State Representative Barbara Carpenter said, "All of the things that Ms.McKnight said, we imagine it as well in that same process. You have a zoo on 600 acres of land and certainly there's enough room to put all these different pavilions and parks in that location. I represent people who are very concerned for the move, about the animals and what could happen again with the disaster. All I'm asking you is to consider what these people have said to you this whole year about this situation. There are many ways to work this out." Her final statement was heard with applause, "We have enough slides and swings. We need some education on that end of the parish as well. You've reimagined this. We've reimagined this too, but where it is."

One longtime opponent of moving the zoo, Becky Bond, asked commissioners to consider their legacies. "Think about Buckskin Bill who collected pennies from children to build this zoo where it is. How do you want to be remembered for years to come?" Bond asked the commission.

Another opponent, Sateria Tate, also asked the commission to consider Buckskin Bill's legacy. "You have the opportunity to take that legacy and create an economic driver and make it a destination location that we've been needing," said Tate addressing the commission.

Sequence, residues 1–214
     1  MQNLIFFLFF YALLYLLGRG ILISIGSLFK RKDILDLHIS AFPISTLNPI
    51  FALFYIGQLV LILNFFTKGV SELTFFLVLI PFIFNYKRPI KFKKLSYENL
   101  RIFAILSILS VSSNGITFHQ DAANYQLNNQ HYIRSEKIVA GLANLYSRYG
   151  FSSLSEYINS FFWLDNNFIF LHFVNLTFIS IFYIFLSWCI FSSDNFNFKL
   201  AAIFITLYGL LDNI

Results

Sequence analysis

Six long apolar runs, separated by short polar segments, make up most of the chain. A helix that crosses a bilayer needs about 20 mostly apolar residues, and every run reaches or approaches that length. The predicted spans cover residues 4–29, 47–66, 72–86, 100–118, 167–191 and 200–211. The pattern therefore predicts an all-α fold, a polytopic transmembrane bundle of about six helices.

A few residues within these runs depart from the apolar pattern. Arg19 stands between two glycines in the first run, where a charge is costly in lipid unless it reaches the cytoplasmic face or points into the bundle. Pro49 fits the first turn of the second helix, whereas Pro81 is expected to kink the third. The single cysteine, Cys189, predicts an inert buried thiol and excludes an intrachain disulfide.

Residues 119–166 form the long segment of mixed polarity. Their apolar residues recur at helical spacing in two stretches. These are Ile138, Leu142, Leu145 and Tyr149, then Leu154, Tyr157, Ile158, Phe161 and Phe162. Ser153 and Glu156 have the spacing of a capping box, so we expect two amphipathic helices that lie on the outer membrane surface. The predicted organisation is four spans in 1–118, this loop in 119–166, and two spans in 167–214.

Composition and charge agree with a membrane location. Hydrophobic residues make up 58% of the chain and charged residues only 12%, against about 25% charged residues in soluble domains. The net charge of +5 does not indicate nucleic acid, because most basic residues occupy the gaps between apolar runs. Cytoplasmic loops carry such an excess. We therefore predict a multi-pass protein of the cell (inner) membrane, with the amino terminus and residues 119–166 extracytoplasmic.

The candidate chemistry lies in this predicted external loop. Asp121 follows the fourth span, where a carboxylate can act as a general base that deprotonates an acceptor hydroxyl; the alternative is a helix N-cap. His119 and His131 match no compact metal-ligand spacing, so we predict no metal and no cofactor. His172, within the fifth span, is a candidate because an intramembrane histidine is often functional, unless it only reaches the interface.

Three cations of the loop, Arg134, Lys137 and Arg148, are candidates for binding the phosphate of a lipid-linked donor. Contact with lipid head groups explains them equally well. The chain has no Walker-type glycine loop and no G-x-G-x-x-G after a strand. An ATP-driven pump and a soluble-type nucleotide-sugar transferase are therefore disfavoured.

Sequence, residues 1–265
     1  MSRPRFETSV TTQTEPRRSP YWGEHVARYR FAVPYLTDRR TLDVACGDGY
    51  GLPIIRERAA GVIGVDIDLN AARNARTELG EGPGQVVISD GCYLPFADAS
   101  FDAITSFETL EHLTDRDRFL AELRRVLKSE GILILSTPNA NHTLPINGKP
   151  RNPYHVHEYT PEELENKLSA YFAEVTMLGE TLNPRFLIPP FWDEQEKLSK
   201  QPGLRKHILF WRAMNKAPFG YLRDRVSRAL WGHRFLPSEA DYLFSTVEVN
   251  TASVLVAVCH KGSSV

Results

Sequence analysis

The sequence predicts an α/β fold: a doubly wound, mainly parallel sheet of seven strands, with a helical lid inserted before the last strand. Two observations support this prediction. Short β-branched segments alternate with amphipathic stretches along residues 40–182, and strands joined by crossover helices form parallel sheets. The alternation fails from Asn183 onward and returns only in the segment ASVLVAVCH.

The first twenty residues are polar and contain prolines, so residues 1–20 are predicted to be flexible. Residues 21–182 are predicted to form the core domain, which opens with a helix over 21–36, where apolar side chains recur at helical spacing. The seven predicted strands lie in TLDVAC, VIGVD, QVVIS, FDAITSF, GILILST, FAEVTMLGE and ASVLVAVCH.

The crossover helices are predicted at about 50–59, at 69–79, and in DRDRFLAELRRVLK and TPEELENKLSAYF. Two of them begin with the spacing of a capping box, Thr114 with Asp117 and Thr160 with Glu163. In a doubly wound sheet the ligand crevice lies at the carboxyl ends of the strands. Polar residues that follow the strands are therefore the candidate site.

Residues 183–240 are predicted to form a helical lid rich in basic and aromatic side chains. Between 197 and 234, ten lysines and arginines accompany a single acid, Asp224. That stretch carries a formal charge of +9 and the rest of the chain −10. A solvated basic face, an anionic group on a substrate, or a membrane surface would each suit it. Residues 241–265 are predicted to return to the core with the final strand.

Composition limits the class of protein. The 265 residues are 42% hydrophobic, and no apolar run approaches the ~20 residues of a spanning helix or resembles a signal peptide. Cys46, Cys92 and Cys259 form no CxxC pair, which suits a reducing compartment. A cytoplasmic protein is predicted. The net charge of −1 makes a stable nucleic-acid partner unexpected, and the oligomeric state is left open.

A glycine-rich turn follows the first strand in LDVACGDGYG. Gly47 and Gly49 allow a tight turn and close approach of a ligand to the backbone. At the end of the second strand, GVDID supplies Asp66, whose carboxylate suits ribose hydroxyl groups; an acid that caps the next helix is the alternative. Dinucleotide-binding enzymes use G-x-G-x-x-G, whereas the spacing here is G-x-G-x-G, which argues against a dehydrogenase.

Many people from nearby communities spoke out against the move to Airline Highway. A Prairieville woman who lives within miles of the proposed zoo location, addressed the commission with concerns about added traffic on an already congested Airline Highway. Residents from Santa Maria say they've collected more than 200 signatures from folks in their community opposed to the zoo moving near them.

One Baton Rouge resident who opposes the relocation, accused the commission of not supporting the black community. Gary Chambers said, "We've waited 200 years to have a board that's majority African American, then it decides to take $100 million asset from the black community."